New Netherland(redirected from New Netherlands)
Also found in: Dictionary, Thesaurus.
New Netherland,territory included in a commercial grant by the government of Holland to the Dutch West India CompanyDutch West India Company,
trading and colonizing company, chartered by the States-General of the Dutch republic in 1621 and organized in 1623. Through its agency New Netherland was founded.
..... Click the link for more information. in 1621. Colonists were settled along the Hudson River region; in 1624 the first permanent settlement was established at Fort Orange (now Albany, N.Y.). The principal settlement in the tract after 1625 was New Amsterdam (later New York City) at the southern end of Manhattan island, which was purchased from Native Americans in 1626. Colonization proceeded slowly, hampered by trouble with the native people, poor administration, and rivalry with New England settlers. After 1655 the former territory of New SwedenNew Sweden,
Swedish colony (1638–55), on the Delaware River; included parts of what are now Pennsylvania, New Jersey, and Delaware. With the support of Swedish statesman Axel Oxenstierna, Admiral Klas Fleming (a Finn), and Peter Minuit (a Dutchman), the New Sweden Company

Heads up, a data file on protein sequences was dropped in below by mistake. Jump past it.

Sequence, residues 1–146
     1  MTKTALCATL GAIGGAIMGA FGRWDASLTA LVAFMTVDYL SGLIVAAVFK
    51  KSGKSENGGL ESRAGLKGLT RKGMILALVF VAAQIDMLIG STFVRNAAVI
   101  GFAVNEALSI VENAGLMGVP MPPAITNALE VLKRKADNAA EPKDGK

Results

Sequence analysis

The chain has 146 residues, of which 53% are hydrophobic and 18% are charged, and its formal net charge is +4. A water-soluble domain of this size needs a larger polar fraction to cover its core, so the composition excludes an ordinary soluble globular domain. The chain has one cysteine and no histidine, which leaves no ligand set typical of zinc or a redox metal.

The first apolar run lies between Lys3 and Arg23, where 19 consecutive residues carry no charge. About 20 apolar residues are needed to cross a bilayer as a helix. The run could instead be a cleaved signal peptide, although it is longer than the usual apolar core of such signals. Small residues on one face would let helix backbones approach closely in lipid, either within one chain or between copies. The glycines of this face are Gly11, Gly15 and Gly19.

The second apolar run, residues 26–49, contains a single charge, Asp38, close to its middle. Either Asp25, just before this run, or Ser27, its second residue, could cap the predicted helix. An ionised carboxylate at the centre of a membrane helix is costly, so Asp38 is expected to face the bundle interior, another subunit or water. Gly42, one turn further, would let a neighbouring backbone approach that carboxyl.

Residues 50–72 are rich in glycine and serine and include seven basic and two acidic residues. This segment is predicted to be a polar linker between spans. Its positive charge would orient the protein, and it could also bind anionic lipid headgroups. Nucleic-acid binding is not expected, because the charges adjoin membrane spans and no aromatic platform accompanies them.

..... Click the link for more information. , along the lower Delaware River, was also part of the colony. In 1664 the colony was taken by the English, who divided most of it into the two colonies of New York and New Jersey.
See R. Shorto, The Island at the Center of the World (2004); J. Jacobs, The Colony of New Netherland (2009).
in the 17th century, the name for the Dutch colonial possessions in North America. New Netherland occupied the territory between the Connecticut and Delaware rivers and at the mouth of the Hudson River. The first Dutch trading posts were established in 1613. In 1621 control of the colonies passed to the Dutch West India Company. In 1664 the English captured the main city of New Amsterdam, renaming it New York, and the outlying Dutch colonies. As a result of the war between the English and the Dutch (1672–74), English supremacy in New Netherland was secured.